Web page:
New panel will study reforms at troubled NJ women's prison
The commission will examine the sexual abuse and exploitation of inmates following a report that found widespread problems at the state's women's prison
By S.P. Sullivan
NJ Advance Media Group
FLEMINGTON, N.J. — A new commission will examine the sexual abuse and exploitation of New Jersey prisoners following a scathing U.S. Justice Department report that found widespread problems at the state’s women’s prison.
The state Assembly on Thursday gave final passage to a resolution creating the Commission to Protect New Jersey Inmates from Sexual Assault and Sexual Misconduct.
The 17-member panel will consist of a bipartisan group of lawmakers, appointees from the Department of Corrections, the state attorney general, the Department of Children and Families, and the state public defender, as well as former inmates, corrections officers and civil rights advocates.
Lawmakers approved the panel after an April report from the Justice Department and the U.S. Attorney’s Office in New Jersey found sex abuse at the Edna Mahan Correctional Facility for Women was “an open secret” that violated the Eighth Amendment of the U.S. Constitution and the federal Civil Rights of Institutionalized Persons Act.
The federal probe followed a series of NJ Advance Media reports showing problems at the Hunterdon County prison were far wider than corrections officials had publicly acknowledged.
The Justice Department investigation focused on conditions at Edna Mahan, which is the state’s only women’s facility, but the commission will look at issues across all of the state’s prisons.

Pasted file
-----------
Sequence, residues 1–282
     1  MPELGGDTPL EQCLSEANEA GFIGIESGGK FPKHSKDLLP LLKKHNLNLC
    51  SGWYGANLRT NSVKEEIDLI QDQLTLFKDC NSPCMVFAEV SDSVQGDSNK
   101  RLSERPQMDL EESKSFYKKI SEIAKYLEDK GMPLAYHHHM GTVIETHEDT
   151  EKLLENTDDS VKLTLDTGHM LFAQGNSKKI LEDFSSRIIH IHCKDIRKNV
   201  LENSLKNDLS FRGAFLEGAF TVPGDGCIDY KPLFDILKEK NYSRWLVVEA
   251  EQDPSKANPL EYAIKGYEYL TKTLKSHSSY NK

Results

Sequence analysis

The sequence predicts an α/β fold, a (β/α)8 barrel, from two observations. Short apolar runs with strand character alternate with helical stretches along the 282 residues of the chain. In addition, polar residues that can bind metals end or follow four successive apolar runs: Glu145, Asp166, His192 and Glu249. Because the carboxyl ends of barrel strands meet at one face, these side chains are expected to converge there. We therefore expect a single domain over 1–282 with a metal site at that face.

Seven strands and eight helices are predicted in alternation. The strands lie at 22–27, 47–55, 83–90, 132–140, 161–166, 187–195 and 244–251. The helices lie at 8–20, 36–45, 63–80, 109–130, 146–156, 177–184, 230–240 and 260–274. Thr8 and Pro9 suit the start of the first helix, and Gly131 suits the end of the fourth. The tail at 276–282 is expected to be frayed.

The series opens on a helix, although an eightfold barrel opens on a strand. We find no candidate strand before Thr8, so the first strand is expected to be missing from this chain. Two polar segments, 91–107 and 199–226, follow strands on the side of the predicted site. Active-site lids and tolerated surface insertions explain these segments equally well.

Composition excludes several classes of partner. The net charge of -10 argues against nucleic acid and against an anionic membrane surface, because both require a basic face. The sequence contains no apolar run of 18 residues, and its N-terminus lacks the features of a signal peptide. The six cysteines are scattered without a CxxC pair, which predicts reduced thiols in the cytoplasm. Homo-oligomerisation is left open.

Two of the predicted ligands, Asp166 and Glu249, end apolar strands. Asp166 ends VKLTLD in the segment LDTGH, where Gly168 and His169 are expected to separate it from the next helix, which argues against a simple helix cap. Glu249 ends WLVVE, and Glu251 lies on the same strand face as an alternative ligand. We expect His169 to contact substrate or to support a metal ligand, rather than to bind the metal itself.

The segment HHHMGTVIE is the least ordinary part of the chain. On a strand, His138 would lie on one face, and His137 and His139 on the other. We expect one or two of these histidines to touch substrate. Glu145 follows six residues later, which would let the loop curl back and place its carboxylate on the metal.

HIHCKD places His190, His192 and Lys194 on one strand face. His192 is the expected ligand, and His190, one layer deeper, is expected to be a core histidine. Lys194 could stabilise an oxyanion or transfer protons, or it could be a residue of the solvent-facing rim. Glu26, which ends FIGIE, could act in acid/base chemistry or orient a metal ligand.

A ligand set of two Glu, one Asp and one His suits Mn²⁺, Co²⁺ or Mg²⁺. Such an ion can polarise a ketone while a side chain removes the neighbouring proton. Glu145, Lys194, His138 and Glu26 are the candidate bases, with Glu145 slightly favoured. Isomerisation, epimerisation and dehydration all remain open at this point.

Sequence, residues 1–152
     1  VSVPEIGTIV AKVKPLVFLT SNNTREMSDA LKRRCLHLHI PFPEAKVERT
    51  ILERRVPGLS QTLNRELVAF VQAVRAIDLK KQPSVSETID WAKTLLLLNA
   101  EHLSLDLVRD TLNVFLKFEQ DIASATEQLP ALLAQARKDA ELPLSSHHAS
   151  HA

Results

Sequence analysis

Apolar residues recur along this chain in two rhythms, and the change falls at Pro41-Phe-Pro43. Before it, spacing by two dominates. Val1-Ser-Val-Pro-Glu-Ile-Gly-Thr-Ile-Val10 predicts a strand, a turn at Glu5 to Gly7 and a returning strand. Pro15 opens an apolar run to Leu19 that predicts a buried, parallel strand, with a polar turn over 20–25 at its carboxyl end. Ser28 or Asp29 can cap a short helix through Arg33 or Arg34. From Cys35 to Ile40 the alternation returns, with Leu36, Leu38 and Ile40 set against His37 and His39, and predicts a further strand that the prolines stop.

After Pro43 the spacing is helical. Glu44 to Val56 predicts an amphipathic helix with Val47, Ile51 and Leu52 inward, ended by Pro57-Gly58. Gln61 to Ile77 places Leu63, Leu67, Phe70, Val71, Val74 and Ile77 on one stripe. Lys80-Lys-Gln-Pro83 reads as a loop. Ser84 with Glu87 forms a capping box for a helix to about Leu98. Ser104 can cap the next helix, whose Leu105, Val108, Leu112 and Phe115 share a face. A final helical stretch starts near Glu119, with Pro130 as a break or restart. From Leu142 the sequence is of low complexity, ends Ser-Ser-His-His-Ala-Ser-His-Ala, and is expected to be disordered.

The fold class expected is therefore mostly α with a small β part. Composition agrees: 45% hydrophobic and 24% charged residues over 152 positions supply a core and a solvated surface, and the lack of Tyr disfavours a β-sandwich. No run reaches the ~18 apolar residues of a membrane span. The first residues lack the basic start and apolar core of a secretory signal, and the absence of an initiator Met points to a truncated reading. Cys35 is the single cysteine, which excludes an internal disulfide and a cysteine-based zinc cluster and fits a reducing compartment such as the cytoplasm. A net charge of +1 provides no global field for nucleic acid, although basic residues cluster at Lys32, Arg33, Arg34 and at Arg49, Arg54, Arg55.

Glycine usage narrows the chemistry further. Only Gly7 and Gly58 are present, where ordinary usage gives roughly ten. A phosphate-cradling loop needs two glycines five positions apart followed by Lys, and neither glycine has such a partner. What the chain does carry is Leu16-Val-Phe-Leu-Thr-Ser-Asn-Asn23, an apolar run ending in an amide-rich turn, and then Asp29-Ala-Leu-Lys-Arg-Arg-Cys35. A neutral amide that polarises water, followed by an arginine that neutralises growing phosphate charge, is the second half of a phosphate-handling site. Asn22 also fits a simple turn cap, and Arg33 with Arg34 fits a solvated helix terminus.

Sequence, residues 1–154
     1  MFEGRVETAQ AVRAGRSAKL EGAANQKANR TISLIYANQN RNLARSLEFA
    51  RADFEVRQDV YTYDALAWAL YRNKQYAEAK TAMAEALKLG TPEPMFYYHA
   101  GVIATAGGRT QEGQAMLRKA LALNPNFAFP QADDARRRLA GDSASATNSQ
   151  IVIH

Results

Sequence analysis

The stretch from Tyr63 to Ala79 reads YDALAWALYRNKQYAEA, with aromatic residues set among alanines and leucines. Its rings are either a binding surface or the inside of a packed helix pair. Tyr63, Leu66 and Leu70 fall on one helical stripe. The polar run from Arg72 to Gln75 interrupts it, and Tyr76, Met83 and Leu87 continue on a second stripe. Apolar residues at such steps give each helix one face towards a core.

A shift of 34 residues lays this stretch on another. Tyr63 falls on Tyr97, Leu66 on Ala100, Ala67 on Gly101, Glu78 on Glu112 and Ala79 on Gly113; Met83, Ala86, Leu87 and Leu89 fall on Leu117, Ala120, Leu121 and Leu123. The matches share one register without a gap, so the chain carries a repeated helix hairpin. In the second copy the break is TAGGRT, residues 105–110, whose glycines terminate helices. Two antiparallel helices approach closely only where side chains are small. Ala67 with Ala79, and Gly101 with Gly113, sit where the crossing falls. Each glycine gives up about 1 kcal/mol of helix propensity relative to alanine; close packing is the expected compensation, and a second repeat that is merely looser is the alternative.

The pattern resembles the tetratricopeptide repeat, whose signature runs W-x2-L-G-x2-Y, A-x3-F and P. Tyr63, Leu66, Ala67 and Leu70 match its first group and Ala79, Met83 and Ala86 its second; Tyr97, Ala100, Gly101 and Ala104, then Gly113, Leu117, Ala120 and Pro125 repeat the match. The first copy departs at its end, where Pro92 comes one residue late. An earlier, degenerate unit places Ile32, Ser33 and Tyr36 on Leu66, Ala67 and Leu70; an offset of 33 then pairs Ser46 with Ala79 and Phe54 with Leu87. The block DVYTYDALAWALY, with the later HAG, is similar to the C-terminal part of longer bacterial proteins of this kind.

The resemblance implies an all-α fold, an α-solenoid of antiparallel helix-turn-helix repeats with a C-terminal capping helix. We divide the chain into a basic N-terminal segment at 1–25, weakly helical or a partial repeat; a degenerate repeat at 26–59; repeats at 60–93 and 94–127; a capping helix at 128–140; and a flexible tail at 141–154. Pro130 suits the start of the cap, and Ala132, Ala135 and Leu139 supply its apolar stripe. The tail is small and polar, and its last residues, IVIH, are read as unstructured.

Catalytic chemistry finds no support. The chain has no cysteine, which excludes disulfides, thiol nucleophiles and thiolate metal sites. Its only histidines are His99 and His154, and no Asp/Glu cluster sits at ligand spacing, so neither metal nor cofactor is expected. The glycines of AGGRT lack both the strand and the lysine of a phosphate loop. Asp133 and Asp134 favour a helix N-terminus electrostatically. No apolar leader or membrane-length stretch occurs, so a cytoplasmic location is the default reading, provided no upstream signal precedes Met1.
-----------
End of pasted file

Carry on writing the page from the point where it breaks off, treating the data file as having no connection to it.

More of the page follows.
“While we have enacted multiple pieces of legislation to address issues of sexual assault and misconduct at Edna Mahan Correctional Facility, it is abundantly clear that more needs to be done,” said state Sen. Linda Greenstein, the head of the Senate Law and Public Safety Committee, in a statement.
Authorities in Gov. Phil Murphy’s administration placed blame for the problems on previous administrations and say they’ve already implemented a host of reforms, including a “third-party all female” board of trustees at Edna Mahan, more surveillance cameras and a pilot program for corrections officers to wear body cameras.
But they declined to testify at three public hearings where former prisoners complained of male and female officers who sexually assaulted inmates, groped prisoners and demanded sexual favors for access to essential items, including sanitary pads.
“A woman does not lose her value as a human being when incarcerated, nor does she forfeit control over her body. We must address the practices and procedures that allow the pervasive culture of rape and sexual assault which gives staff the opportunity and audacity to abuse their authority by preying on vulnerable women for sexual gratification.
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